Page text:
Rising prices would presumably incentivize seeking out means to conserve gas or use alternative fuels. In 2014, there were 816.38 vehicles per 1,000 people in the United States. Consumers have several choices when considering alternatives. According to 2021 data from Pew Research Center, 67 percent of Americans surveyed think electric vehicles (EVs) are better for the environment, but only 39 percent said they were likely to consider purchasing an EV, 66 percent said they were worse than gas-powered vehicles when considering cost, and 34 percent said they were worse when considering reliability. According to a CBS News poll from April 2022, consumers were more likely to consider a hybrid vehicle (73 percent) compared to an EV (59 percent).
To understand the ramifications of recent gas prices and its correlation to the American public’s opinion of alternative energy sources, we conducted an original national web survey in the United States from June 29-July 11 via Qualtrics with quota sampling for age, gender, and geographic region. We asked 1,728 Americans: “Has the increase in gas prices caused you to consider any of the following?”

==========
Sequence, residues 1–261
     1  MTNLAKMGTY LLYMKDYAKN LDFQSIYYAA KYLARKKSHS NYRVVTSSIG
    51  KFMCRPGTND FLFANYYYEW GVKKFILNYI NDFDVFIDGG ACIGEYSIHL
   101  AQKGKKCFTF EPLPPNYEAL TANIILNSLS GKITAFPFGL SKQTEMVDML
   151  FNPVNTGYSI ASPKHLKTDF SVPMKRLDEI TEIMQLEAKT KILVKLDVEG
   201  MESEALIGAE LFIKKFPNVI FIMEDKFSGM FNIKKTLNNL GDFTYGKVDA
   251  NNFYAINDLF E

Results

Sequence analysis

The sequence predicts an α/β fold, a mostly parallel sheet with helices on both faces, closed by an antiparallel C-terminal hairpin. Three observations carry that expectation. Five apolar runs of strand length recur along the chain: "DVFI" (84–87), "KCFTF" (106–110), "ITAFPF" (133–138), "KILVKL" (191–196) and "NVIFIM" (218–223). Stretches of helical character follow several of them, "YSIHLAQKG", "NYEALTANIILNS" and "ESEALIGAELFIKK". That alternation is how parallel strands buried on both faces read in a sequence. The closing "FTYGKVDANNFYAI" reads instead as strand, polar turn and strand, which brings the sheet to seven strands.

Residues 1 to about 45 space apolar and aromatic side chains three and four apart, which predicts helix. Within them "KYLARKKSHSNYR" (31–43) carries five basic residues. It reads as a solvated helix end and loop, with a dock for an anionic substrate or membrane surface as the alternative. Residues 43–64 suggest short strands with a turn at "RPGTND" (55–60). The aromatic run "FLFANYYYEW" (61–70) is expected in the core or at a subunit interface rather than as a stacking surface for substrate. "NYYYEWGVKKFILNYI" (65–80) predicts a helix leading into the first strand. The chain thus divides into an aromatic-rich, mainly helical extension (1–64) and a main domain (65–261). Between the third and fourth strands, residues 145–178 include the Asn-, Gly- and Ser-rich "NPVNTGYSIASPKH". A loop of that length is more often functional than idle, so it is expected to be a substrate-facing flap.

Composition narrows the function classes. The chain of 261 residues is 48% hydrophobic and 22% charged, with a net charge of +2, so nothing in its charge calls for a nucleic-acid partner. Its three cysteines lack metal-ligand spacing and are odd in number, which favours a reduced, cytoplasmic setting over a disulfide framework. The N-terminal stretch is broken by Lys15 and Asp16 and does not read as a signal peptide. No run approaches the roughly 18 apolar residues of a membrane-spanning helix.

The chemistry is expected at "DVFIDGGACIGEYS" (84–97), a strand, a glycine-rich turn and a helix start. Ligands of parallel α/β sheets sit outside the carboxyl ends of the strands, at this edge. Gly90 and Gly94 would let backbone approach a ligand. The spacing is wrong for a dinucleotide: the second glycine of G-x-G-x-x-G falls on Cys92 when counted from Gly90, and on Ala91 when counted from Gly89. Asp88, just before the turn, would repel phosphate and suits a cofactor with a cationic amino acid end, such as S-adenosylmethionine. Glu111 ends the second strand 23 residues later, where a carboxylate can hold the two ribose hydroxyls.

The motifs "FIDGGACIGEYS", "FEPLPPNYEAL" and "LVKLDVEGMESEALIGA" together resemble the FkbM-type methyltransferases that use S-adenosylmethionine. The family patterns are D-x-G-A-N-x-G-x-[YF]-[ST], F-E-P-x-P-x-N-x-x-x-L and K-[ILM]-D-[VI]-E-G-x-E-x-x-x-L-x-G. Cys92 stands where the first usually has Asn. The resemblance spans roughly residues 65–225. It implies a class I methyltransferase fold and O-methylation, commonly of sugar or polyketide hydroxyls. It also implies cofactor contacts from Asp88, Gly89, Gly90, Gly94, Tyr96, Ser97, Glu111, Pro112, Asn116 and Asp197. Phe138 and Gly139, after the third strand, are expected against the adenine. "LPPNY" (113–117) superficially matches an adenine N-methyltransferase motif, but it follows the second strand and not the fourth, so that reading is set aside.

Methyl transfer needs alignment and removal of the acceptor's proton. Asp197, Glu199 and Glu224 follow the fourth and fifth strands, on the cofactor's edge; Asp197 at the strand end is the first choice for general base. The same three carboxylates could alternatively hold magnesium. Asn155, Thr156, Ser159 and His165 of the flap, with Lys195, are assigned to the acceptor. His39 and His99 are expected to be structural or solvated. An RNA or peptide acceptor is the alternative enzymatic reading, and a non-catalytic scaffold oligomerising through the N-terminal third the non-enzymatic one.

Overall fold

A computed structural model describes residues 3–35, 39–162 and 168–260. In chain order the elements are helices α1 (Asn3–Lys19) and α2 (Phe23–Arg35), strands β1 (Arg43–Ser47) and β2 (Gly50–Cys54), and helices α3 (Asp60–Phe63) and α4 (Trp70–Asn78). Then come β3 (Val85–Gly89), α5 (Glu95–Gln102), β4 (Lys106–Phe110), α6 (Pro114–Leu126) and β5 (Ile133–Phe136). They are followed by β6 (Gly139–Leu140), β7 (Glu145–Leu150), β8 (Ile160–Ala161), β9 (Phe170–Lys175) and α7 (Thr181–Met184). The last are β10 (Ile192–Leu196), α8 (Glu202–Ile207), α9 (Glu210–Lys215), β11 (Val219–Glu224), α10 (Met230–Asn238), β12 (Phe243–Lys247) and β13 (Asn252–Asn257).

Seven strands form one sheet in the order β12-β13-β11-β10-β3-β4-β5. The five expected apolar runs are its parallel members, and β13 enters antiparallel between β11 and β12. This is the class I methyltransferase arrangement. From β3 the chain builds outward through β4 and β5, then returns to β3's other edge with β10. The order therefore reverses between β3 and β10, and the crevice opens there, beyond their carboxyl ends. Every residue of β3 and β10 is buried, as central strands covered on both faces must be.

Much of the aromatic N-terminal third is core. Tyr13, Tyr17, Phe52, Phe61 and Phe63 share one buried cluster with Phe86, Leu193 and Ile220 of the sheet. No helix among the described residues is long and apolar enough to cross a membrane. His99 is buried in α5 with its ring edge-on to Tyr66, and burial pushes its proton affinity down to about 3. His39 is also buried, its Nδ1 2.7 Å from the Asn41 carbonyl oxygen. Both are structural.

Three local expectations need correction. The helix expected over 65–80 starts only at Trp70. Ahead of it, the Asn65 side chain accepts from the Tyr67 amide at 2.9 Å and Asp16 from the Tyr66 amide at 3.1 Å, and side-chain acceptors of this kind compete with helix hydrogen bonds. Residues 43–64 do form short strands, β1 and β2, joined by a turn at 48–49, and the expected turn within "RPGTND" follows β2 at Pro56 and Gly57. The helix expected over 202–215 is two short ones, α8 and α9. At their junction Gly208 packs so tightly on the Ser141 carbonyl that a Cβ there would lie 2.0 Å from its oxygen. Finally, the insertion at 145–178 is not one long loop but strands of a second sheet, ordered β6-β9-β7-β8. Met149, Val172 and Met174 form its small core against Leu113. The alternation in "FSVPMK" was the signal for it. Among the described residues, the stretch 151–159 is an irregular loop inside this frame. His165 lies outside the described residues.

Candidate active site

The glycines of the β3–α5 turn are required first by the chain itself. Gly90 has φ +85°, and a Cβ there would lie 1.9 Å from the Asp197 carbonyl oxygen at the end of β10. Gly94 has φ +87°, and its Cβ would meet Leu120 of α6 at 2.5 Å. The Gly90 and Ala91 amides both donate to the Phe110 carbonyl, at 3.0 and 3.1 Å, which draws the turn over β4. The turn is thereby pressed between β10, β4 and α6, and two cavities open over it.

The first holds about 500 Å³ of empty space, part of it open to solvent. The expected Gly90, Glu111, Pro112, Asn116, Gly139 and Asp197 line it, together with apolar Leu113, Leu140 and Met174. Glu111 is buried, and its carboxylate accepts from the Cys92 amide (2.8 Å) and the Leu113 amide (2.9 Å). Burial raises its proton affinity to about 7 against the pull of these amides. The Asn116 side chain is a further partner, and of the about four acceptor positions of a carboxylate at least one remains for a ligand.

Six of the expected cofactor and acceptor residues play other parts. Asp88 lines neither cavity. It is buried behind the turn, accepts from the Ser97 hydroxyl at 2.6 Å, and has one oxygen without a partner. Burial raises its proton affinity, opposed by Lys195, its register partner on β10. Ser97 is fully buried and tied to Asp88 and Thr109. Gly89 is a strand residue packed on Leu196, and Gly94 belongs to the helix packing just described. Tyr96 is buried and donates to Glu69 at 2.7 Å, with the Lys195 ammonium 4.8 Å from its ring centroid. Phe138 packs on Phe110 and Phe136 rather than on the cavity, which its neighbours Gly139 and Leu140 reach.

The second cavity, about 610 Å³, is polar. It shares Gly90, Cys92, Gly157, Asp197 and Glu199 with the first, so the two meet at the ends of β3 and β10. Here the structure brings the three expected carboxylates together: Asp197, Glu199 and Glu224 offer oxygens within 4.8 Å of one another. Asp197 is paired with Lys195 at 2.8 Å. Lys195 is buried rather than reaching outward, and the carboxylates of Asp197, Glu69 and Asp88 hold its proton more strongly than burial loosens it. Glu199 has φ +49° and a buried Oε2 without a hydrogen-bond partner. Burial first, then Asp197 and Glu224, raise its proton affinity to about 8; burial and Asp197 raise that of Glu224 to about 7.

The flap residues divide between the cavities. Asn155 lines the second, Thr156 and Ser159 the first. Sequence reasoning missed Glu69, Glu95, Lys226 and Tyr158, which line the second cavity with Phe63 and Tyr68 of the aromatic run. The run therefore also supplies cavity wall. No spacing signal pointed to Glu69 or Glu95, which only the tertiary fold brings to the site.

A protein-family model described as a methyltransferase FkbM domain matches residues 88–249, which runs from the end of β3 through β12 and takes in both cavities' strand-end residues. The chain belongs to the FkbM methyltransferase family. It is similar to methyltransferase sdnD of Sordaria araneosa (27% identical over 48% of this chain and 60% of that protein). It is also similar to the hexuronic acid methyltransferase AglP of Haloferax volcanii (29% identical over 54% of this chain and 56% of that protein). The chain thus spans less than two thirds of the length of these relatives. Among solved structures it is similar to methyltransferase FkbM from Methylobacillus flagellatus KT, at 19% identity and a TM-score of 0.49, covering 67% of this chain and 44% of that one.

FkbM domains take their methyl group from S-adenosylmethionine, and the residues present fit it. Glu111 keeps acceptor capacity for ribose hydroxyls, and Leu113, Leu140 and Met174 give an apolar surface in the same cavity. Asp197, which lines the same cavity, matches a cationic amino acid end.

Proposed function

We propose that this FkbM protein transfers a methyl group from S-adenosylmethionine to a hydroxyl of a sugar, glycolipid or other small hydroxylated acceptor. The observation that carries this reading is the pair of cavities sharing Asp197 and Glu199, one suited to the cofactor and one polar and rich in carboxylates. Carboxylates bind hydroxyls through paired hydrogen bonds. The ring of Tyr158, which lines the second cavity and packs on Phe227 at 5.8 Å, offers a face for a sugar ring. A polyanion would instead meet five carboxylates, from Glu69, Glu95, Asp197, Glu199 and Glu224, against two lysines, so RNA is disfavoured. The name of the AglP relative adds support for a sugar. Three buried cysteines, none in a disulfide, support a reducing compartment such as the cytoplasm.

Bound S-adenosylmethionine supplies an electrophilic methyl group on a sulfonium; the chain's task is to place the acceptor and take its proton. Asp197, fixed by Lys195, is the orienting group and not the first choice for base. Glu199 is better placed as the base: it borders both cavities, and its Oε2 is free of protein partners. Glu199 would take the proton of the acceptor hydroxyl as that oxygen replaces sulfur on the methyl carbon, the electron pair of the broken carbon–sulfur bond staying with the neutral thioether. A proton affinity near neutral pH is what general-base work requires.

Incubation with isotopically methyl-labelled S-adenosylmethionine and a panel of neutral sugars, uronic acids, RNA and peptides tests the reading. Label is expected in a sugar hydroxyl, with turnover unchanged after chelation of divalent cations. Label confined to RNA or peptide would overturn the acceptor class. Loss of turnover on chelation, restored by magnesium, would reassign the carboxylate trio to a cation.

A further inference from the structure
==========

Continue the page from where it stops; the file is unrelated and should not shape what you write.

Unsurprisingly, we see majorities stating they have reduced how much they drive, with higher rates among Republicans (58.12 percent) than Democrats (51.49 percent). In contrast, less than 20 percent of respondents overall stated that gas prices have led them to consider buying a hybrid or electric car in the future or to increase use of public transit, with Democrats roughly twice as likely as Republicans to state they considered these options. Admittedly, it is difficult to determine whether those surveyed considered alternative modes of transportation prior to the increase in gas prices. An April 2022 poll found Democrats nearly twice as likely to consider an EV as Republicans. One must also acknowledge that some options may not be viable for all. This may be for various reasons, including the increased upfront costs of hybrids and EVs or due to 45 percent of Americans having no access to public transportation.